The Golden Warriors made history again by participating in combat operations in two different theaters during a single deployment, operating from USS Theodore Roosevelt. While en route to the Persian Gulf in April 1999, crisis erupted in the former Yugoslavian republic of Kosovo, prompting the largest aerial bombing campaign since the Vietnam War. In just 68 days, Golden Warrior FA-18s dropped 430,000 pounds of ordnance and flew 595 combat missions during Operation ALLIED FORCE, contributing to a NATO victory, and expelling Serbian oppressors from the war-torn province of Kosovo. In July, VFA-87 returned to the Persian Gulf and flew 176 combat missions in support of Operation SOUTHERN WATCH. The Golden Warriors returned to their first new home in over thirty years, NAS Oceana in Virginia Beach, Virginia.[1]


In April 2001, VFA-87 deployed on a Persian Gulf cruise enforcing the no fly zone over Southern Iraq aboard USS Enterprise until the September 11 attacks occurred. The squadron was then held on station along with the entire Enterprise battle group, to conduct first strike combat missions over Afghanistan against embedded Taliban targets. VFA-87 returned to NAS Oceana in November 2001.

Iraq and Afghanistan[edit]

In January 2003, USS Theodore Roosevelt battle group along with VFA-87 conducted combat operations over Iraq, initiating Operation Iraqi Freedom.

VFA-87 deployed again in September 2005 aboard Theodore Roosevelt, returning on 11 March 2006, and received the Atlantic Fleet "Battle E" award later that year.

In September 2006, the squadron transitioned from the F/A-18C to the F/A-18A+ and was again named the "Battle E" squadron for the Atlantic Fleet in March 2007. It deployed again in September 2008 to the North Arabian Sea, in support of Operation Enduring Freedom and returned home to NAS Oceana on 18 April 2009.


2010 was a year of significant accomplishment for the squadron. VFA-87 participated in three embarked periods in preparation for the maiden deployment of USS George H. W. Bush, including a deck qualification, Independent Steaming Exercise (ISE), and Tailored Ship's Training Assessment (TSTA). Additionally the "War Party" completed three command detachments; one to NAS Key West for the Air-to-Air Strike Fighter Advanced Readiness Program (SFARP) and two to NAS Fallon for Air-to-Ground SFARP.[2]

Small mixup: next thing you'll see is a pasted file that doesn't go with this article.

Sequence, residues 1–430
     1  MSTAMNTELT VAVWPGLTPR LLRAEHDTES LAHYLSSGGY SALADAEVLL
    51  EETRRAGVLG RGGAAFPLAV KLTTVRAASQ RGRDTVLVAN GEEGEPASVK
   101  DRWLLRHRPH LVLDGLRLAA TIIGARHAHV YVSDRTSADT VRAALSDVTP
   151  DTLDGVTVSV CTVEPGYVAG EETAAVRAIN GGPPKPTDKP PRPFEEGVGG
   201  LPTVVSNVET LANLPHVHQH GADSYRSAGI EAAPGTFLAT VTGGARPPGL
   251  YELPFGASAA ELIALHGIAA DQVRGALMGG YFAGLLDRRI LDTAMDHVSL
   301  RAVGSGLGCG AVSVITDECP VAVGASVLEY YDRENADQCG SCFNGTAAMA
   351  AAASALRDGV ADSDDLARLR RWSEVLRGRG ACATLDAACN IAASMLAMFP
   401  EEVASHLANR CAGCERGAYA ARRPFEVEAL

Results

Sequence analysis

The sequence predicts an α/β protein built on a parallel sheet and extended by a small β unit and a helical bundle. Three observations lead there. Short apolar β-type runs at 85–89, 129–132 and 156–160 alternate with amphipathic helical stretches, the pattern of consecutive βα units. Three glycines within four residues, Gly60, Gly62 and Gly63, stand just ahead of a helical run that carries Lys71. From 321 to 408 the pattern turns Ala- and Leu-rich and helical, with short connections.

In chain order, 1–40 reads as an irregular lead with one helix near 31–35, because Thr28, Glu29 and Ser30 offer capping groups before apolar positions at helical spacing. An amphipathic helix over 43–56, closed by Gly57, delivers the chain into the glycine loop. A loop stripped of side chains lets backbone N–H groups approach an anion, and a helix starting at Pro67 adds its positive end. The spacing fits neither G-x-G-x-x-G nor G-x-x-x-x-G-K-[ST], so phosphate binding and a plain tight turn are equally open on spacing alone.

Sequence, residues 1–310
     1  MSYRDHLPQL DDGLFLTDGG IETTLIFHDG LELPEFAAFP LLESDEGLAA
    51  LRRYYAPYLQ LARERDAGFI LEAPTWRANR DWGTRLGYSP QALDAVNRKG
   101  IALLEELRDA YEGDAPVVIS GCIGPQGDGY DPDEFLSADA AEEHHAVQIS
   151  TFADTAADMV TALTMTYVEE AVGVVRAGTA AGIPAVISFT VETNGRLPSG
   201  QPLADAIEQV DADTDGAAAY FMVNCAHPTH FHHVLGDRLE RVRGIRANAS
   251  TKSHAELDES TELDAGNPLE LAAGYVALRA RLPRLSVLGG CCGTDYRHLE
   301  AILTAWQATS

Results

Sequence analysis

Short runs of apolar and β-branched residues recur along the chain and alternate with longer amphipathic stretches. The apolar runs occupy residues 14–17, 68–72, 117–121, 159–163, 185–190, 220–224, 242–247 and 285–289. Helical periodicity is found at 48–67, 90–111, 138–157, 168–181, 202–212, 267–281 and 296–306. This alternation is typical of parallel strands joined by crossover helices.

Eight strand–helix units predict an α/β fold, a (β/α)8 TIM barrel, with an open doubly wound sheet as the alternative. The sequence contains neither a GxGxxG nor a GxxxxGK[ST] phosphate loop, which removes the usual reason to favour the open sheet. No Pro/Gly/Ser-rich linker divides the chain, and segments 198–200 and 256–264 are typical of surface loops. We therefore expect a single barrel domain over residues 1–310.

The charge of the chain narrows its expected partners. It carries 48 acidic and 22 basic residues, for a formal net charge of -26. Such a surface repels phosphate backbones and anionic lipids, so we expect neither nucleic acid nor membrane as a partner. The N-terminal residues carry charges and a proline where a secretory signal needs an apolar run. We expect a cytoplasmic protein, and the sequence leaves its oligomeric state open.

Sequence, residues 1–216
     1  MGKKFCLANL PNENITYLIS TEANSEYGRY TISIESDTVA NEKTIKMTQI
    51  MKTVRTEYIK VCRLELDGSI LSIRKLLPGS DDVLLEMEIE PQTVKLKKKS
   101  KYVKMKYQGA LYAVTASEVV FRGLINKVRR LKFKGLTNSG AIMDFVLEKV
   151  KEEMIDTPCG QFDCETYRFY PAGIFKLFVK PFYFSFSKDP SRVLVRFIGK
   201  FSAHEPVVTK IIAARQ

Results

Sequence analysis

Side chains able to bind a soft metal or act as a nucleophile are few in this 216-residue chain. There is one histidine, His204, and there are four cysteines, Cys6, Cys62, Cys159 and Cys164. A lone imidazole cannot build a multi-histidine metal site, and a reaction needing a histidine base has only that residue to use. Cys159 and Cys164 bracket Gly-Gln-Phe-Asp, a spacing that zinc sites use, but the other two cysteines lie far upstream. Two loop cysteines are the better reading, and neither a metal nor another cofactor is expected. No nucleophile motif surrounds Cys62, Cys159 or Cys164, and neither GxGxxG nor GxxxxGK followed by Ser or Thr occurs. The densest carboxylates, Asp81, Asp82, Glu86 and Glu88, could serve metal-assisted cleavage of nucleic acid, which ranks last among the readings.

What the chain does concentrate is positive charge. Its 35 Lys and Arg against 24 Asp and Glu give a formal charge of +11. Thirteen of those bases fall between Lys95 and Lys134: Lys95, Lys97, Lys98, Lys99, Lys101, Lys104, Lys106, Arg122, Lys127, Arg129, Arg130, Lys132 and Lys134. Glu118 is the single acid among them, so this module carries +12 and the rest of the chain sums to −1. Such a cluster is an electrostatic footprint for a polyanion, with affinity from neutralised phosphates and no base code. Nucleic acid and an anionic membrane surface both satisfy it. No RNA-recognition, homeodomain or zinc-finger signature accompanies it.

In May 2011, VFA-87 departed on a deployment aboard USS George H. W. Bush. While deployed the squadron flew combat missions in support of Operations Enduring Freedom and New Dawn flying over Afghanistan and Iraq respectively in support of combat troops on the ground.

In 2012 VFA-87 successfully completed four operational detachments, transitioned back to the F/A-18C by transferring 10 F/A-18A+ and accepting 11 F/A-18C aircraft. The squadron made another deployment aboard George H. W. Bush to the Mediterranean Sea and the Indian Ocean from February to November 2014. Following this deployemnt, VFA-87 converted to the F/A-18E Super Hornet.


VFA-87 made a single deployment aboard USS George H. W. Bush from January to August 2017. During this desployment, Lieutenant Commander Michael Tremel, flying a VFA-87 F/A-18E shot down a Syrian Su-22 after multiple observed ROE violations on 18 June 2017. The Su-22 had been bombing US-backed forces fighting the Islamic State.[3][4]


F/A-18E of VFA-87 landing aboard Gerald R. Ford in March 2022.

After having been assigned to CVW-8 since 1988, VFA-87 was re-assigned to Carrier Air Wing 11 in 2020. The squadron made two deployments aboard USS Theodore Roosevelt to the Western Pacific from January and July 2020 and from December to May 2021. Following these deployments, the squadron returned to CVW-8. In 2021, CVW-8 was re-assigned to USS Gerald R. Ford.[5]

Notable squadron members[edit]

See also[edit]


  1. ^ "Archived copy". Archived from the original on 2013-03-17. Retrieved 2013-08-01.{{cite web}}: CS1 maint: archived copy as title (link)
  2. ^ "VFA-87 History". Archived from the original on 2013-03-17. Retrieved 2013-08-01.
  3. ^ "Report: Navy Pilot Breaks Silence About Shooting Down Syrian Fighter". 31 October 2017.
  4. ^ "Up close with a US super carrier and the pilots fresh from combat operations | Navy Lookout".
  5. ^ "Strike Fighter Squadron 87 (VFA-87)". 9 April 2022.

External links[edit]